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As you can see, reaching into long-term memory can be a lengthy, complex process. This, of course, slows us down when we’re speaking.
And, if you happen to be even the slightest bit anxious when you’re trying to speak—like how I felt when my intimidating coworker approached me—it may be even more difficult to locate and articulate the right words. Not all introverts have social anxiety or are shy, but it’s not unusual for an introvert to experience at least some level of anxiety in social situations. Anxiety is mentally draining, and can make it harder to recall information. That’s because the stress hormone cortisol is released in large amounts during times of anxiety. Cortisol affects the brain, and can lead to memory loss and problems with recall.
Why It’s Easier for Introverts to Express Themselves in Writing
Introverts “often feel as if they express themselves better in writing than in conversation,” writes Susan Cain in Quiet: The Power of Introverts in a World That Can’t Stop Talking. And indeed, many introverts are authors. John Green, author of The Fault in Our Stars, wrote “Writing is something you do alone. It’s a profession for introverts who want to tell you a story but don’t want to make eye contact while doing it.”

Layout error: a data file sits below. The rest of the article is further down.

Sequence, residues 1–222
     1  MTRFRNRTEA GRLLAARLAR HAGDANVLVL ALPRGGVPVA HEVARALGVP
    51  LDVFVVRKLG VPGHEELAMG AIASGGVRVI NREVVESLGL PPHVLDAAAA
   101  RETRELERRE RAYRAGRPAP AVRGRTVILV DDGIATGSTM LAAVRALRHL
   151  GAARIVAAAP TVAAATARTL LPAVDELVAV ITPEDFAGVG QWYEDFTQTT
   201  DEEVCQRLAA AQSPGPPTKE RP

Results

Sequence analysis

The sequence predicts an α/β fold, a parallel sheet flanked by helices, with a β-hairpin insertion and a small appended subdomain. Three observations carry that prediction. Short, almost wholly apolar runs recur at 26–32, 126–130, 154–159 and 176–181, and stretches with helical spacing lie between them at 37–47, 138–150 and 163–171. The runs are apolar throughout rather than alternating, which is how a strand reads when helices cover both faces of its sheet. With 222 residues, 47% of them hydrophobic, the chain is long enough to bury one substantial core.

While not all introverts become professional writers, introverts generally prefer text messages and emails to phone calls and in-person meetings. Likewise, many introverts say journaling helps them better understand their thoughts and feelings. The reason for this preference again has to do with how our brains are wired: written words use different pathways in the brain, which seem to flow more fluently for introverts, writes Laney.